South Africa out to prove their mettle
South Africa have reinvented themselves as a Twenty20 team for all seasons - and insist their reputation as serial 'chokers' is no longer fair.
Coach Mickey Arthur and wicketkeeper Mark Boucher both spoke with confidence on the eve of their ICC World Twenty20 semi-final against Pakistan at Trent Bridge, about South Africa's readiness to prove themselves.
It is at this stage that they have so often fallen short - beginning in their first World Cup in 1992 when there was little they could do about a farcical runs recalculation after rain.
Since then, they have lost World Cup semi-finals in 1999 - in an infamous final-over finish against Australia at Edgbaston - and 2007, and bowed out of the inaugural World Twenty20 on home turf following a botched Duckworth/Lewis calculation against India.
Boucher has been a cornerstone throughout - along with Jacques Kallis, who is fit to play tomorrow after a minor back problem - yet both he and Arthur sense a new South Africa has emerged.
"We have been in a couple of semis before, but there is a different feeling with this team," Boucher claimed.
"We have a different management, different players, and we've been through a lot of tests in the last year that we've come through with flying colours.
"We've handled pressure pretty well, and we hope that's a sign of things to come in the latter stages of this tournament. We hope this time we can go the whole way."
South Africa have a perfect record of five wins from five games in this tournament, a sequence completed with a 12-run victory - on the back of some high-class bowling from their spin collective - against already eliminated India in last night's final Super Eights fixture.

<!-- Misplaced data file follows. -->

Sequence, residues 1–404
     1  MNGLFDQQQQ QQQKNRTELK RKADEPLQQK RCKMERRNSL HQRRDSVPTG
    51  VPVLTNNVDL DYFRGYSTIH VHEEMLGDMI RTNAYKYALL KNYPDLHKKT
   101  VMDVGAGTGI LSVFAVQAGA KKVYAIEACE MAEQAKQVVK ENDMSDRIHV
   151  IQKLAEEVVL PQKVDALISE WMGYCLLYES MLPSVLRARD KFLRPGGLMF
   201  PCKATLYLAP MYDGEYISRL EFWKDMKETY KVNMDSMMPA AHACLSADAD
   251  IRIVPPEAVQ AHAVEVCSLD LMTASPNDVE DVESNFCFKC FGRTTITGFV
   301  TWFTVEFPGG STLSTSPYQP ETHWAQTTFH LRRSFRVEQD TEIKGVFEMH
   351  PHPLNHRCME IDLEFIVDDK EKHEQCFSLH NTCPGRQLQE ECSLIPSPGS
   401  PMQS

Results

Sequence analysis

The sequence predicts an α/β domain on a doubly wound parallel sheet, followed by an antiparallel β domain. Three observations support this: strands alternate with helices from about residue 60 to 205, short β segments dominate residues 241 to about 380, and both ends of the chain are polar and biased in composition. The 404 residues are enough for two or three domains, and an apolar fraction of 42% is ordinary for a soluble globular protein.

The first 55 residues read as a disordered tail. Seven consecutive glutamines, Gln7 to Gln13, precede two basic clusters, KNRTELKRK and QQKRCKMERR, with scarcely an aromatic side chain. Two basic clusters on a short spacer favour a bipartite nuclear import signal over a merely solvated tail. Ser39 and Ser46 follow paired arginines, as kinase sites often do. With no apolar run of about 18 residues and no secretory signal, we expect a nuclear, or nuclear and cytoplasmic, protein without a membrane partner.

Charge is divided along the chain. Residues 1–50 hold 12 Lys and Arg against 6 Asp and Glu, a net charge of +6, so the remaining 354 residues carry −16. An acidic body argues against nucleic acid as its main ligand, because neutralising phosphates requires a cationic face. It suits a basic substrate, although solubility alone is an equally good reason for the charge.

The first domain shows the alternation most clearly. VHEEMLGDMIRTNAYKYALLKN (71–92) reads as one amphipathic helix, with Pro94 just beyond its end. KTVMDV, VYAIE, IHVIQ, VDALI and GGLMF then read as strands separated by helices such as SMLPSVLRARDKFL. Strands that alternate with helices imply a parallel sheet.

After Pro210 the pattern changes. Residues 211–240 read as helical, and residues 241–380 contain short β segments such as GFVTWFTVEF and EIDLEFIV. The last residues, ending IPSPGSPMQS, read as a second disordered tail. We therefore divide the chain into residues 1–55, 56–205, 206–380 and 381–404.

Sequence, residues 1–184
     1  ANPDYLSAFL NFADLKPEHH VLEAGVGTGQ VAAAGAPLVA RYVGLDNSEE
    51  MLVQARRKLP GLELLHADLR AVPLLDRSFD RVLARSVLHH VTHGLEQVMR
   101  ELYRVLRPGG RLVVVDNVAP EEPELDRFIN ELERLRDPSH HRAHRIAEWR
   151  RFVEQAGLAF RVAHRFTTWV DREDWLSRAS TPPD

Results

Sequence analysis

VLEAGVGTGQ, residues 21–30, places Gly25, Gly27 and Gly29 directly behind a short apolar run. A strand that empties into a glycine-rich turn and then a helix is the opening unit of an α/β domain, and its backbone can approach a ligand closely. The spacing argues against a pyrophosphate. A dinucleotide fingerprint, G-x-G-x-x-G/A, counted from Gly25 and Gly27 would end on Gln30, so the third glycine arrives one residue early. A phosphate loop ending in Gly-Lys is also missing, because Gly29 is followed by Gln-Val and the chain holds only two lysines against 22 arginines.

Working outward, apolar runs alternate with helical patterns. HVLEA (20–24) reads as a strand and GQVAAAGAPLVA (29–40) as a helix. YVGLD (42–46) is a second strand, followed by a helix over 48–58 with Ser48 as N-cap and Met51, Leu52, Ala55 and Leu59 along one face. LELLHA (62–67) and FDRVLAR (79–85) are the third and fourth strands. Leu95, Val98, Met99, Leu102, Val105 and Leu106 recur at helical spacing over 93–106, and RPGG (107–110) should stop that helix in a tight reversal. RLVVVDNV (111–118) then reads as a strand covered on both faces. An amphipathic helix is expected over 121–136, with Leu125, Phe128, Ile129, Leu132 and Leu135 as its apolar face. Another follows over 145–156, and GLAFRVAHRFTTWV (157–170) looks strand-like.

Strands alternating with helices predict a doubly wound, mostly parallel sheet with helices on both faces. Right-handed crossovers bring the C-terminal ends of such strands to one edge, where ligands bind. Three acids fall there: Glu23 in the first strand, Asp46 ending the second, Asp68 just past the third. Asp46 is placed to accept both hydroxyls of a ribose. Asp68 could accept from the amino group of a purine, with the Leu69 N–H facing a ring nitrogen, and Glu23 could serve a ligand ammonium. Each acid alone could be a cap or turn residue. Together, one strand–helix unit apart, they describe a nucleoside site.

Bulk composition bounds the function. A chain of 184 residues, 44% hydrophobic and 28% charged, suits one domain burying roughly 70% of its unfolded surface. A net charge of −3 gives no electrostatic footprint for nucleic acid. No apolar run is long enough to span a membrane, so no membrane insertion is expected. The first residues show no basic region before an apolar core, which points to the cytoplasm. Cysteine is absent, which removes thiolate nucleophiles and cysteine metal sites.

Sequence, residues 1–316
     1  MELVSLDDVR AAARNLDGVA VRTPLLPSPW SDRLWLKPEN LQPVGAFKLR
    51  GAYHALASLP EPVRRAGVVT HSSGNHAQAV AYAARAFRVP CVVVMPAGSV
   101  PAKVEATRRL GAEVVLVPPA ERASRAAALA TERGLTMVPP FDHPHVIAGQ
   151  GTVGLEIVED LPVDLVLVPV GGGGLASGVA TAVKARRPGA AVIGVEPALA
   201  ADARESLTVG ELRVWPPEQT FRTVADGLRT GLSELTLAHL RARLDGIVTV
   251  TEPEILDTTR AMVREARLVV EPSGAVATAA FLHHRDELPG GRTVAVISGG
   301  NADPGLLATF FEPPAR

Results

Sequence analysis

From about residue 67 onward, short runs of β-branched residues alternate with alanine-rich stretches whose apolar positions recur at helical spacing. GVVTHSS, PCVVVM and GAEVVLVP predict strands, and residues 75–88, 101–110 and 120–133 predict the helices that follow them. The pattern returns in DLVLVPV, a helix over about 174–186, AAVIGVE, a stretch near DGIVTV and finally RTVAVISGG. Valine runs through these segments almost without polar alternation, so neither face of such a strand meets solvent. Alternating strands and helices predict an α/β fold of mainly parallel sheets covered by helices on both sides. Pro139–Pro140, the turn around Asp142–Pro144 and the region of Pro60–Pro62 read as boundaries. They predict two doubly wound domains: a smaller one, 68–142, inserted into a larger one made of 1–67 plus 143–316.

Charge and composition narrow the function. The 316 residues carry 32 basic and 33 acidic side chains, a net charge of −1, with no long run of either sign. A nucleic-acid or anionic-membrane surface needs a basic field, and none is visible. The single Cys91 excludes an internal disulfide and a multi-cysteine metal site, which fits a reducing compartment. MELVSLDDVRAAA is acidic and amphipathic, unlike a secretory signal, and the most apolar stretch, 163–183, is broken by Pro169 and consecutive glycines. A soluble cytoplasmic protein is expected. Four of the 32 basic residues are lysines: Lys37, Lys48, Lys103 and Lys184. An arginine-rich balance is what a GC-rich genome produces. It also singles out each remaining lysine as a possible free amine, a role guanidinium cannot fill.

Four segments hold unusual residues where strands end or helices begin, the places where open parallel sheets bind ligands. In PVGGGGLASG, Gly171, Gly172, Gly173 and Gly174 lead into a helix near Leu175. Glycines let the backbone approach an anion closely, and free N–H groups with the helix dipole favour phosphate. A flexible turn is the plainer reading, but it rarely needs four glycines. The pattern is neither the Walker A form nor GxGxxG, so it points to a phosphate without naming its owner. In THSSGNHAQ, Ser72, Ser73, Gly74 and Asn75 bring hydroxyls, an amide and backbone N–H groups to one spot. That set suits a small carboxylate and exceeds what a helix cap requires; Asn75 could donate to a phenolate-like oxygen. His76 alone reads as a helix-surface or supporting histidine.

"We've been in some tricky situations," Boucher pointed out. “I think yesterday was one, playing against India on a wicket that probably wasn't the best.
"But we managed to come through it, and we do back ourselves to do the right things at the right time more often than any other team can."
As for the specific challenges posed by Pakistan, Boucher is aware but not fearful.
Even the early reverse-swing with which Umar Gul took a Twenty20 international-best 5-6 to see off New Zealand at The Oval on Saturday is no reason for trepidation.
"We can say if the ball is going to move for them, the ball is going to move for us as well," Boucher reasoned.
"A guy like Umar Gul is a very good bowler at the death - and he probably will swing it a bit. But we have faced him before and we have been successful against him before.
“So we're not too worried about what they're going to have in their bag. We're more worried about what we can do to try to get the best out of our players."
Arthur does not deny South Africa's past vulnerabilities, but believes they are now simply a stronger unit in mind and body.
"We could get beaten tomorrow, and then again the chokers' tag might surface," he conceded.
"But for us, that's not an issue. As long as we are playing the game to the best of our ability and we are not panicking in the crucial situations, we're not scared of losing.
"The guys have been put in these situations over the last 18 months and have come through. Mentally, our team is very, very strong and ready to go to another level."